The Final Countdown
Gary drove me to the hotel and we begged a third room card from reception. Ian was fast asleep in one of the single beds (it was a family room) and I baggsied the other single bed. Jagoda had an ETA that was less than an hour away, but they’re really inaccurate by that point and I really, really just wanted to sleep. Gary wasn’t keen to go to the finish line by himself and hang around for up to 2 hours, so he just fell asleep on top of the double bed.
After a pleasant 90 minutes or so of sleep (fully clothed in the running kit I had just run 20 miles in – though I did manage to take my trainers off) Alan bursts into the room saying “Wake up bitches, we’re back.” He had, as promised, pushed Jagoda hard over that final 15 miles, and she had done a fantastic job. She completely smashed her time from last year by 3 hours, finishing in 26 hours and 47 minutes with a big sprint finish. Her overall placing was 117th, but her split position for that final leg was 79th!
Despite not having slept for over 40 hours, she was completely hyper and not ready to collapse. Ian hadn’t brought any of their stuff in from the car so I persuaded them it didn’t make sense for them to shower. Everyone went to bed – Gary giving up the double bed and sleeping on the floor so that Jagoda could get a couple of hours of sleep in the manner she deserved after her trials.
After two hours that seemed to pass in sixty seconds, Gary got a message from Anna to say they were around a mile from the finish. That wasn’t enough time for us all to get showered, so we all jumped out of bed, put on our trainers, and headed over to the Nevis Centre. I’d thought Chris would be doing a zombie shuffle, but he actually jogged the final 150 metres or so to the finish line.
He finished in 31 hours and 12 minutes, and it was a phenomenal achievement.
The state of the soles of his feet are too horrifying for me to post the photo I took.
He was falling asleep at breakfast, then during the presentations, then in the car on the way back. He’d repeatedly said on the final couple of sections that he was never doing this race again but by Monday evening he was talking about the next time. How quickly the pain is forgotten, maybe it’s like childbirth?
The presentations were standing room only by the time we arrived but I love that everyone gets presented with their goblet individually. They also streamlined it this year by calling people up by time bands so there were groups of about 20 runners at a time waiting and ready to go up, much like at a graduation ceremony.
Donna had come over and directed Chris to a seat, seeing how much he was in need of one, and he promptly fell asleep. A nice lady from Strathearn Harriers woke him in time for him to see Jagoda getting presented with her trophy, and got him up at the right time to collect his. The winner presents the final finisher with their goblet, and this elicits some of the biggest cheers of the presentations. I loved that idea, and it recognises that no matter how long it takes, you’ve all done the same distance. In many respects it’s much tougher for the final finisher, who was on their feet for over 34 hours compared to the winner who had to run for *only* 15 hours or so, and only endured one night of sleep deprivation rather than two.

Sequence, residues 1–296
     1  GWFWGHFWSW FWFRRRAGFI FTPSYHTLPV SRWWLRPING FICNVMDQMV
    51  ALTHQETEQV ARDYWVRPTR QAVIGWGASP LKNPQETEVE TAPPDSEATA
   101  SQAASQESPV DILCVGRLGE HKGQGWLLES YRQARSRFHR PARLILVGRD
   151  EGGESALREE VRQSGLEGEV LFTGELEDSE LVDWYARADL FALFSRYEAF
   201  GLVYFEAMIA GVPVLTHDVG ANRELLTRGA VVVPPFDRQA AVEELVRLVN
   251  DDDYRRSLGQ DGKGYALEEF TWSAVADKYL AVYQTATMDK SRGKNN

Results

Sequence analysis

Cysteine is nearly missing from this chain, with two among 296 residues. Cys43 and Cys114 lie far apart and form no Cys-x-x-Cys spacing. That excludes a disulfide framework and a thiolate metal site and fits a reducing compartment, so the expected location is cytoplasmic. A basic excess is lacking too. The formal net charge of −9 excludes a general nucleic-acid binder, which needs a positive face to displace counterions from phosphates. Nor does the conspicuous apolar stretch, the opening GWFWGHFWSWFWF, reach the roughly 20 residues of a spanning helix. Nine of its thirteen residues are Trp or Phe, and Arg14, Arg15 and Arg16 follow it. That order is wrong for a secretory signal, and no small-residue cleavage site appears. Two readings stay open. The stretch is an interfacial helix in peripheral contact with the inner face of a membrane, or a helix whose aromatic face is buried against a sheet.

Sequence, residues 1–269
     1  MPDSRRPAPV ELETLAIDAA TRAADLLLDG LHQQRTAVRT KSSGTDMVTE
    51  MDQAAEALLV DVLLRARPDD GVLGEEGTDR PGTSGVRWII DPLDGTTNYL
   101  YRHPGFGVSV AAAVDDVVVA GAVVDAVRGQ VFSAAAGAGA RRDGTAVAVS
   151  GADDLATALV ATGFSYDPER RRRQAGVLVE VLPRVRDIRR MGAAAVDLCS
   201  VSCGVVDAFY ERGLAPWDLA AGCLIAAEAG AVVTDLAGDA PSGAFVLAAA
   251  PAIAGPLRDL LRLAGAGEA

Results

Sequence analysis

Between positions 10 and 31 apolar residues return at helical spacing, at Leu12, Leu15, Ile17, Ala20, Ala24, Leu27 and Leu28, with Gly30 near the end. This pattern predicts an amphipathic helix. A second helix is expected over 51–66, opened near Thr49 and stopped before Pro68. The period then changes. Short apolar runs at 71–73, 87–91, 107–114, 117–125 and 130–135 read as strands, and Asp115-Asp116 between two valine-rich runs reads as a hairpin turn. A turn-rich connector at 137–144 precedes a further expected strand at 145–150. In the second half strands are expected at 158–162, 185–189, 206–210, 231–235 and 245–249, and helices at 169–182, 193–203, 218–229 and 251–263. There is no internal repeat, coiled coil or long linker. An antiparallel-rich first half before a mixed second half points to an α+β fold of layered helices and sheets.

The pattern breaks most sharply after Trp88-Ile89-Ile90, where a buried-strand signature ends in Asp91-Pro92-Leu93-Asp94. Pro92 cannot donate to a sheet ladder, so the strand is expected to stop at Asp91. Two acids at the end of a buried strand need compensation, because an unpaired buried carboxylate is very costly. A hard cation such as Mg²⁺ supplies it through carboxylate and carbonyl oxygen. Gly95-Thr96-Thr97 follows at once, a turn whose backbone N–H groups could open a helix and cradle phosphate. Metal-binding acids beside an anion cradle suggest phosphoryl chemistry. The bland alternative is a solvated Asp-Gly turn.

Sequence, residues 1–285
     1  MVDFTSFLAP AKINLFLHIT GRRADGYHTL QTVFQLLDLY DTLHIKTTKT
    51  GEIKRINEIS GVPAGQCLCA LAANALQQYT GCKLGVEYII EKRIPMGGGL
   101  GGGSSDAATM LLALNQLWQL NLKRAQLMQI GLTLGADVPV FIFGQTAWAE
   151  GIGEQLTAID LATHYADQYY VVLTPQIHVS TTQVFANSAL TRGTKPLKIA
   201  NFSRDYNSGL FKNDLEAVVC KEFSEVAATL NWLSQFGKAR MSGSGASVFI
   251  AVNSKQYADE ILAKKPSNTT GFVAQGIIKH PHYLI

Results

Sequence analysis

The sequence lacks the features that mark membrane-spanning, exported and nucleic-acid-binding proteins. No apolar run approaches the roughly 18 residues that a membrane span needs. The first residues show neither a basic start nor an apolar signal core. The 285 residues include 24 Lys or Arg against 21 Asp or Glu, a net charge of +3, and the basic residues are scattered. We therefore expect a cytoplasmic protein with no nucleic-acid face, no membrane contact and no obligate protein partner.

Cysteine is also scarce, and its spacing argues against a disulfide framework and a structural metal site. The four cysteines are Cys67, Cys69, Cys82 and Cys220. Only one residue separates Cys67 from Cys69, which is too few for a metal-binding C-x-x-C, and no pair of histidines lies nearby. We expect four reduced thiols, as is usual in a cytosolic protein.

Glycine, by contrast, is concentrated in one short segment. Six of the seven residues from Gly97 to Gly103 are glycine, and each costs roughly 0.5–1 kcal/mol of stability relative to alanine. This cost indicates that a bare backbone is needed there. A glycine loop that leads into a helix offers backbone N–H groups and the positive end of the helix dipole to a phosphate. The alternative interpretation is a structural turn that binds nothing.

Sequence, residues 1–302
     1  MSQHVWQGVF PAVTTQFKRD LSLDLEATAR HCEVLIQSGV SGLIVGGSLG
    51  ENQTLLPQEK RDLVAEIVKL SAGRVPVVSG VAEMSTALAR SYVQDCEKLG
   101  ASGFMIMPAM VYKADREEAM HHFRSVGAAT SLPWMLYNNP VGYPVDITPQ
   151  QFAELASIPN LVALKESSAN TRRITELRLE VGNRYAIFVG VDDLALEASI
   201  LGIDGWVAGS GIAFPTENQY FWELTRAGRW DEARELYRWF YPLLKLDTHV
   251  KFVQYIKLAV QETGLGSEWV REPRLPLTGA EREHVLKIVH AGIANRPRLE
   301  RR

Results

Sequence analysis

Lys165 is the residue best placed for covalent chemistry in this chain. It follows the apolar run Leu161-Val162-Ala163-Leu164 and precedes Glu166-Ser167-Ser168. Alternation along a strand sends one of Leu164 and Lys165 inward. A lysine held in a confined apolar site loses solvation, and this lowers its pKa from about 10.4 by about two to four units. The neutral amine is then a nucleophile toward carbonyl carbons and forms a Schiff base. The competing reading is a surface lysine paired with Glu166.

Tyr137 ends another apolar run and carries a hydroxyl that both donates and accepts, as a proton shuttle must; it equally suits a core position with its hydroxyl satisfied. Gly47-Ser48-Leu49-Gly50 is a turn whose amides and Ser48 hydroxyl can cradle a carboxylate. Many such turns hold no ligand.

The West Highland Way is an amazing experience. I never fully appreciated just how much it takes out of the runners, and what a phenomenal achievement finishing it is. Looking at the cut-off times you might think “35 hours to cover 95 ½ miles is just a brisk walk, that can’t be too hard”. But you’d be completely wrong. These runners are covering 95 ½ miles of beautiful but rough terrain, with over 3500 metres of climbing. The descents take it out of the legs too. Marathon runners typically hit the wall at around 21 miles. Imagine hitting the wall then and thinking “There’s still another 75 miles to go.” Here you hit a wall after the wall, which just so happens to be after two other walls. 236 runners started the race, but only 196 completed it. There were several DNFing at each checkpoint from Balmaha to Glencoe, and a couple at the later checkpoints.
I loved the experience of crewing at this race, but it didn’t tempt me to run it. Watching Chris and a few other runners round about us struggle with extreme sleep deprivation was more than enough to make me think it wasn’t for me. I was surprised when Gary was so keen to sign up. He was trying to work out if it was possible for him to meet the ballot requirements (i.e. having done a suitable qualifying ultra) in time for 2020 without having done any races further than half marathon distance up to this point. It has got me considering doing the Devil though. After all, it’s only 42 miles and could be done in daylight!
This race has only 300 places, and takes place mostly in the Scottish wilderness. It’s a very different experience from a typical road race. But the sheer amount of support crew and checkpoints mean that even when the field spreads out you’re never alone for long. It’s also incredibly well organised and supported by the organisers, marshals and medics who volunteer throughout the weekend.
If you want to get a feel for whether you’d want to add this race to your bucket list, I’d highly recommend crewing for another runner. You can see the highs, the inevitable lows (though Jagoda seemed to avoid the lows, and smiled the whole way through!), the breath-taking scenery, and the swarms of midges. Importantly you also get time for naps along the way. Plus you only need to worry about having to jump into action every few hours.
If you’re not new to Ultra-running, this is definitely not a race for beginners. But if you know what you’re letting yourself in for in terms of distance and time on your feet, I can’t think of a more spectacular route.
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